Whilst sleep is massively important, many parents think their teenagers’ sleep patterns are unhealthy – but they may not necessarily be a concern if it is the right kind of sleep. Study hours before midnight are better than hours after, but for some, working in the evening can be a really productive time.

How to get a study-life balance

Often students give up clubs, hobbies or activities to focus on their revision … whilst they will need to undertake a reorganisation and rationalisation of their time, they don’t give up valued hobbies. Whilst for a while they will need to spend more time studying, the balance of relationships and things they enjoy is vital to maintain good physical and emotional health during what is undoubtedly a stressful time.

How to manage pressure

Help to actively coach students’ negative internal voice which puts additional pressure onto students by being overly critical and focusing on negatives – particularly for girls. Unfortunately, many of us are preprogrammed to speak to ourselves internally in a different voice and with a different message with how we would speak to a friend. Encourage students to recognise and be aware of this, and keep it in check.

Find a calming technique which works for them – deep breathing, mindfulness, progressive muscle relaxation, guided imagery… there are several choices and it’s worth experimenting. They could write about their feelings too – it is a well-documented belief that writing feelings down can make individuals feel better and overcome and exorcise feelings of anxiety.

And remember, a degree of stress can actually improve performance. How the individual thinks about stress matters. Try to coach them to see stress as a positive, and reach out to others to help manage their feelings if they feel stressed or anxious.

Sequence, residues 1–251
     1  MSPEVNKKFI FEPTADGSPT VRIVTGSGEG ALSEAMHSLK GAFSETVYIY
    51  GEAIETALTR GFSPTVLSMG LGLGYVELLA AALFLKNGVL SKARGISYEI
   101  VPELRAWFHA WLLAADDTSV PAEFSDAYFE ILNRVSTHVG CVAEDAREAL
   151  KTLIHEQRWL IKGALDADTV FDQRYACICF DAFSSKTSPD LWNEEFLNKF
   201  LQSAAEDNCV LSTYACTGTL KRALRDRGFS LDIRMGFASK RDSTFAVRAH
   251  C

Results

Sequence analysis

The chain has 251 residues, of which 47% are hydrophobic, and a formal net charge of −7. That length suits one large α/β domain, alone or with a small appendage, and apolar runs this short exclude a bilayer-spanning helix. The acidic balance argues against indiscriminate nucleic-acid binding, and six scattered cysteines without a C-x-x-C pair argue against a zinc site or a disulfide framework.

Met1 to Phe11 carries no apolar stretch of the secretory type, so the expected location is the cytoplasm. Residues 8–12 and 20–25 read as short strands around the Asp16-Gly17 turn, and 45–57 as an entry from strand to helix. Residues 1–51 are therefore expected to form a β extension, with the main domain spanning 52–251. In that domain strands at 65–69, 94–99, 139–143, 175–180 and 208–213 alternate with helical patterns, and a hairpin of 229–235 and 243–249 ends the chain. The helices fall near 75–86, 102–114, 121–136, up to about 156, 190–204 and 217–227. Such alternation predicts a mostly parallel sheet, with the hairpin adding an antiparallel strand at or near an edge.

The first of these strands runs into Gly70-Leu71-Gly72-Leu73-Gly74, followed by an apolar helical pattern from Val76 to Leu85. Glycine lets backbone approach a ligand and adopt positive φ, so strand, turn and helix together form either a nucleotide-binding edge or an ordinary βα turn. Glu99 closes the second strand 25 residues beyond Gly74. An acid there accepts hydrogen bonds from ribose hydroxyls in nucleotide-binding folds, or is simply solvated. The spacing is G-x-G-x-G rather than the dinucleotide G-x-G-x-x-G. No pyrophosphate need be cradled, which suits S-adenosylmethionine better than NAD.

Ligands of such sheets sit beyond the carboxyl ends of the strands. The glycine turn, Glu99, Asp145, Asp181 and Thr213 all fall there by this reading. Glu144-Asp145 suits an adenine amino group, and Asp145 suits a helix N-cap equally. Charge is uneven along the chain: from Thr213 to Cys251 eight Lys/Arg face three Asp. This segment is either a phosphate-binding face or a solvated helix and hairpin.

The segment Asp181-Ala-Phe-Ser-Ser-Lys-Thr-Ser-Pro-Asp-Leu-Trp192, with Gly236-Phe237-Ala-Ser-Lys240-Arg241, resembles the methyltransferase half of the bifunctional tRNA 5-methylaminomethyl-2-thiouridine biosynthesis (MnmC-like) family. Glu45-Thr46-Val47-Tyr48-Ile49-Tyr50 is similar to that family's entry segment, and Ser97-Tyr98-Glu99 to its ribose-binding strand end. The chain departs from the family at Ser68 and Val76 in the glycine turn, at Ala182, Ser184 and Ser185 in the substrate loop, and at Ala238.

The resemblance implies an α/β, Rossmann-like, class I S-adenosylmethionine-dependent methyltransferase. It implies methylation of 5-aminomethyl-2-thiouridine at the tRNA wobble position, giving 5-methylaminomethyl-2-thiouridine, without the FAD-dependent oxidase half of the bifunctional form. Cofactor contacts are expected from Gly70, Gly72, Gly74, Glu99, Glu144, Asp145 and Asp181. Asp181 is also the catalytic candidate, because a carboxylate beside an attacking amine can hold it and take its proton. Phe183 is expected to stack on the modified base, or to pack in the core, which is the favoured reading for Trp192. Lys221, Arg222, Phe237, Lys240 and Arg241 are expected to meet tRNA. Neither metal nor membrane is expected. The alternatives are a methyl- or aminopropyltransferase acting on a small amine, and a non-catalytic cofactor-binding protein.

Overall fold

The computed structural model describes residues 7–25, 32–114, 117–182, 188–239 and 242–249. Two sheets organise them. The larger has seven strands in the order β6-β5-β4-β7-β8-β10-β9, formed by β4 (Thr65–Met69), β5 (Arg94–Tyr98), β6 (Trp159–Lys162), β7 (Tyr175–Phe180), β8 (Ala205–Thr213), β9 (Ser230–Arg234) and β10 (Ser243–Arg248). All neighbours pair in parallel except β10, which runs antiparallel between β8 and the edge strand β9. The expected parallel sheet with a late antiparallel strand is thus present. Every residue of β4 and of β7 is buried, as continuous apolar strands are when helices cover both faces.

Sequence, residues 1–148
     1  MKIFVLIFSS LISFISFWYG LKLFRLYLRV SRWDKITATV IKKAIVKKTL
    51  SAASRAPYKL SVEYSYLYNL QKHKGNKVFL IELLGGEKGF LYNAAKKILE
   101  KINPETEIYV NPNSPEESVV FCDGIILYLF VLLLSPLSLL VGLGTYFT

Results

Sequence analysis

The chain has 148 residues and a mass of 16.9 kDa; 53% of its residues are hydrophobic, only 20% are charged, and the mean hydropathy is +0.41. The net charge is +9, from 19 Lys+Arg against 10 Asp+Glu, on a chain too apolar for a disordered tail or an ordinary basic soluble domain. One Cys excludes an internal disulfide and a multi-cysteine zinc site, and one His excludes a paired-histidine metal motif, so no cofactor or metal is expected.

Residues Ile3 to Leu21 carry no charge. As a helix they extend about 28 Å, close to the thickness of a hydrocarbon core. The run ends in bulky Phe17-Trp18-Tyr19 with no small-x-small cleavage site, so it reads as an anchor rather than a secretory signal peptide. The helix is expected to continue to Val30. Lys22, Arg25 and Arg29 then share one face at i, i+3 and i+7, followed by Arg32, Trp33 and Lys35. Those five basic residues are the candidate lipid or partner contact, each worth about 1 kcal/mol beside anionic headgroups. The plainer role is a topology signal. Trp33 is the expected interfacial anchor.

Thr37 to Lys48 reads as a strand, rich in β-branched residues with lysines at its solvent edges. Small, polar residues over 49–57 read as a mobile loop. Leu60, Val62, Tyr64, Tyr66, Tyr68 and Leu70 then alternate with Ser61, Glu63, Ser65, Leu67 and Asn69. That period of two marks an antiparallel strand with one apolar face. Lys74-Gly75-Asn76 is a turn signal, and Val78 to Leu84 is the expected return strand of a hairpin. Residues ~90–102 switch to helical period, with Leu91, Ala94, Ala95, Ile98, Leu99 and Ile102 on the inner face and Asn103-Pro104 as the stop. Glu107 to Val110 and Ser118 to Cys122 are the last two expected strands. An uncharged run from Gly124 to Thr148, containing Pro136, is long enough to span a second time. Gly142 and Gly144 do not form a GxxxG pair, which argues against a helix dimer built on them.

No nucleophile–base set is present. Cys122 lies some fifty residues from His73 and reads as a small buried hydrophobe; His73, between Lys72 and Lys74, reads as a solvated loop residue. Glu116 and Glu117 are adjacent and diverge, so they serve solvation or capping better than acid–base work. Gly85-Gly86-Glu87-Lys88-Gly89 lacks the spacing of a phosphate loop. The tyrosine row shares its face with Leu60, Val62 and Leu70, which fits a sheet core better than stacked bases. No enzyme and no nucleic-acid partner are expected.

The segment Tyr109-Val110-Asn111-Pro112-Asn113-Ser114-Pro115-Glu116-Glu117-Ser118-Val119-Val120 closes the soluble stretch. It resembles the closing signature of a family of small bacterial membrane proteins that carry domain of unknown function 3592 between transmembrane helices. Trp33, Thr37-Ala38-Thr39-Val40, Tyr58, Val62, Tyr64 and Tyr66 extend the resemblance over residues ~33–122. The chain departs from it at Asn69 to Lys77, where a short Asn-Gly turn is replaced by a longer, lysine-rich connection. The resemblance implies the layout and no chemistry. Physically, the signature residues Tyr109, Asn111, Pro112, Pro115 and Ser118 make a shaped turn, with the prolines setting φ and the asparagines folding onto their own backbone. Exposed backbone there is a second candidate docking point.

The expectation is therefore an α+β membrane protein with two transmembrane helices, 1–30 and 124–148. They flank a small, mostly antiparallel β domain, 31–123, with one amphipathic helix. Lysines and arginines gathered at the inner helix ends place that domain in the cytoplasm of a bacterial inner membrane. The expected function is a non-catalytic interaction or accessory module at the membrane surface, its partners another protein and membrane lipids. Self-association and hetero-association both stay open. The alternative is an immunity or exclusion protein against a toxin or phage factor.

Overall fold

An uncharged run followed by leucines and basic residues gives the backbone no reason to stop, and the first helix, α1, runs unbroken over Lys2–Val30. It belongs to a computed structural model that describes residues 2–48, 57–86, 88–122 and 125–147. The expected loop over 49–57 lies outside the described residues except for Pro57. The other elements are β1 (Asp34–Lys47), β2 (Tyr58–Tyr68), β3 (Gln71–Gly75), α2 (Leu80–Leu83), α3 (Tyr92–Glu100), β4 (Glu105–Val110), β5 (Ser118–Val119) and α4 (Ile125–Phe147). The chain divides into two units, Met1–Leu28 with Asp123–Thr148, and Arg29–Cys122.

Challenging negative thoughts

A negative way of thinking and self-talk becomes easily engraved. Often when testing a student, they will respond to your test question: “this might not be right, but …” or “I’m sure this isn’t right, but …”

It is much better to frame responses to welcome, promote and celebrate challenge. Multi-faceted questions can, on the face of it, feel impossible to answer. However, when the student starts to draw the question back to first principles everyone will be able to answer some of the question. Exam questions, as for university entrance interview questions, are supposed to be challenging, and very few will be able to get the maximum marks from a question – but encourage your student to break it down to see what they can do. Girls often want to be perfect but need to understand it’s ok just to be good enough, to have potential and to do things their own way. With a six mark question – encourage the student to answer some and move on – and come back to it later.

What is your top tip?

At A Level, you need to demonstrate content knowledge, but also application. For applying knowledge, past papers are the best way to prepare. Make sure to encourage the student to read exam marking schemes. Past paper examiners reports are also a really important tool – listing the main misconceptions from previous students which can really help in exam preparation.

Moving forwards

Once exams are completed, and as Results Day approaches in the summer, it is natural that stresses and anxieties will build. Please remind students to practise self-care (eat well, regulate their sleep patterns, exercise, find time to relax, talk with family and friends) and seek help and support if needed.